The Army conducts annual assessments to ensure that it has the right equipment for the future. It is undergoing an ambitious capability transformation programme, including investing in new, fully digitised Ajax and Boxer vehicles.
If the range and capability of our battle tanks and armoured vehicles are inferior to that of our potential adversaries, it is difficult for our world-class armed forces to continue to operate in that sphere. Will the Minister assure the House that the Challenger 2 and Warrior programmes will be brought forward at the earliest possible opportunity, to ensure that our world-class troops have world-class equipment?
The hon. Gentleman is right: we need the very best equipment for our armed forces. As he is probably aware, the Army has no fewer than nine key projects for equipment modernisation, totalling some £17 billion over the next 10 years, and around 130 smaller projects. He mentions two in particular. On Challenger 2, we are well advanced through the assessment phase and will take decisions on that at a future date. On Warrior, we are on to the demonstration phase, which is going well, and we will be taking decisions in the future.
The recent National Audit Office report on the Government’s defence equipment plan showed that there is a potential funding shortfall of £13 billion, which will no doubt affect Army equipment as well as Navy and RAF equipment. Given that this is now the third time that the NAO has deemed the plan unaffordable, when will the Minister get to grips with this funding crisis?
We are getting to grips with it right now. We are grateful to the NAO for its work. I gently point out to the hon. Lady that the Department hit budget this year, last year and the year before. We constantly review budgets to make certain that the equipment plan is affordable. We have shrunk the gap significantly, and we had additional assistance from the Treasury last year. We will make certain that we are meeting the needs of the armed forces.
I thank the Minister for his answer, but we know that the Army has cancelled various anti-armour projects and reduced the number of tanks it will upgrade. There have also been recent reports suggesting that the Army is to face further cuts in the integrated review. Can the Minister guarantee that the review will not be yet another cost-cutting exercise, leaving our armed forces short of the equipment that we need to defend the country?
The integrated review is under way; it is nowhere near to bringing itself to any conclusions yet. The review looks at the totality of our place in the world, as the hon. Lady recognises, and how we operate as a country across the broadest spectrum. It is not a review designed to cut costs. It is a review designed to ensure that we know what we are doing in the world and that that is effected through really effective equipment—that is the purpose of the integrated review, and we look forward to its response.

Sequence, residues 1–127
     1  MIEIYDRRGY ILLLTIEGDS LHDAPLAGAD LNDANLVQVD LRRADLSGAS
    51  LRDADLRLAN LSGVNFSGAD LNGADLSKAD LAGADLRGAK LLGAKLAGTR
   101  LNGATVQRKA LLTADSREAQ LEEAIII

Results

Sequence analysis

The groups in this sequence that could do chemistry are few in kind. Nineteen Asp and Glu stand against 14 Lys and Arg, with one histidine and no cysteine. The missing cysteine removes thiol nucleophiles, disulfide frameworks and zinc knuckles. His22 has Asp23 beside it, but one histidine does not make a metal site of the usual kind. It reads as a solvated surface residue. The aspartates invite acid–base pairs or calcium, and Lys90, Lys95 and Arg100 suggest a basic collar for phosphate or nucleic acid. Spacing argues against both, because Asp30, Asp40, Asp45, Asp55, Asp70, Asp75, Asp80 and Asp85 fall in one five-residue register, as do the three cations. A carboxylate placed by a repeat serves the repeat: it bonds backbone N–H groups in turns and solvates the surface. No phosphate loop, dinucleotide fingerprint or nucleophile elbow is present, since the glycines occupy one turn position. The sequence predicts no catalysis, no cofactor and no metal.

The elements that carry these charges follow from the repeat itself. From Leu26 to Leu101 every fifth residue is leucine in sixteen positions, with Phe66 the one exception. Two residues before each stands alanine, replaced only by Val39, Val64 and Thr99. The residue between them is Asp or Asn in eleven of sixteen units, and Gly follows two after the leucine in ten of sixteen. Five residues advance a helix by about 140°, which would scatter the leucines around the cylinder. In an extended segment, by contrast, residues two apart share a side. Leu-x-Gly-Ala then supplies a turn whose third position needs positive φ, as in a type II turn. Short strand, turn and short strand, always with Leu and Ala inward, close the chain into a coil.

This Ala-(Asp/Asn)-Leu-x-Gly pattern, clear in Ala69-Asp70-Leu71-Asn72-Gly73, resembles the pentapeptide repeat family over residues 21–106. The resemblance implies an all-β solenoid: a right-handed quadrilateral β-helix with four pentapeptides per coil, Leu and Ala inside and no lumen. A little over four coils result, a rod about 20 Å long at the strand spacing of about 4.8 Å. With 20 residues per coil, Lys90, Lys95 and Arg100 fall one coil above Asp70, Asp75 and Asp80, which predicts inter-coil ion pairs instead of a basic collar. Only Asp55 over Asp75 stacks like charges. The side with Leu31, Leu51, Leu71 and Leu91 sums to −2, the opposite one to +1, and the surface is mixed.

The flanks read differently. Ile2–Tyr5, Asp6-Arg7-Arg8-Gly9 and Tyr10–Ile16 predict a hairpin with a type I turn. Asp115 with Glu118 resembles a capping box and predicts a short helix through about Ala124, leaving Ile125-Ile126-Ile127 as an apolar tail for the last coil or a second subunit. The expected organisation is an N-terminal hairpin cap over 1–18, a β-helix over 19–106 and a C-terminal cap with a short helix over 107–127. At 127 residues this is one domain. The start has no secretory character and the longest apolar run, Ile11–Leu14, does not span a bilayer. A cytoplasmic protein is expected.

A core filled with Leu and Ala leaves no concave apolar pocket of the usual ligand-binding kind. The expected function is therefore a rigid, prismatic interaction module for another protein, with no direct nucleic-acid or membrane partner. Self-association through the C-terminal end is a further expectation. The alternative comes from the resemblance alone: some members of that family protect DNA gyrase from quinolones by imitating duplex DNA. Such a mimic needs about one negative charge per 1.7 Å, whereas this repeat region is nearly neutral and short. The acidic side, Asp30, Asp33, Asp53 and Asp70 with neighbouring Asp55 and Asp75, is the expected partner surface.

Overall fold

May I ask Ministers to extend the gratitude of the Defence Committee for our visit to Army HQ in Andover on Thursday? It was an illuminating visit, and the issue of Warrior and Challenger—now two decades old—came up. The Minister mentioned the integrated review. Given what we learned and the fantastic efforts that are being made to support the nation in tackling the coronavirus, may I invite the Secretary of State and the Minister to delay the integrated review until the new year, to ensure that we do it properly, rather than rush it when the focus is elsewhere at the moment?
I am grateful to my right hon. Friend and to his Defence Committee for their work. The integrated review is important: it is important that we get on to it and move on with it at pace. We need to take firm decisions, and the swifter the better. However, as ever, we are mindful of events, and such things will obviously be taken into consideration if they need to be.
I thank the Minister of State for his recent visit to Rheinmetall BAE Systems Land at BAE Systems in my constituency, following the award of part of the Boxer contract to that consortium. On the issue of Challenger 2 and the life extension project, does the Minister of State think that Shropshire defence manufacturing will feature in his decision making, and will the decision-making maingate still be this autumn?
I am grateful to my hon. Friend. It was a great pleasure to visit his constituency and see at first hand the extraordinary skills in that constituency, and it was a great pleasure to meet many apprentices. As I said earlier about Challenger 2, we are in the assessment phase, and a decision on any next steps will be taken at a later date. I thank my hon. Friend for the question and the interest he always shows in the defence manufacturers in his constituency.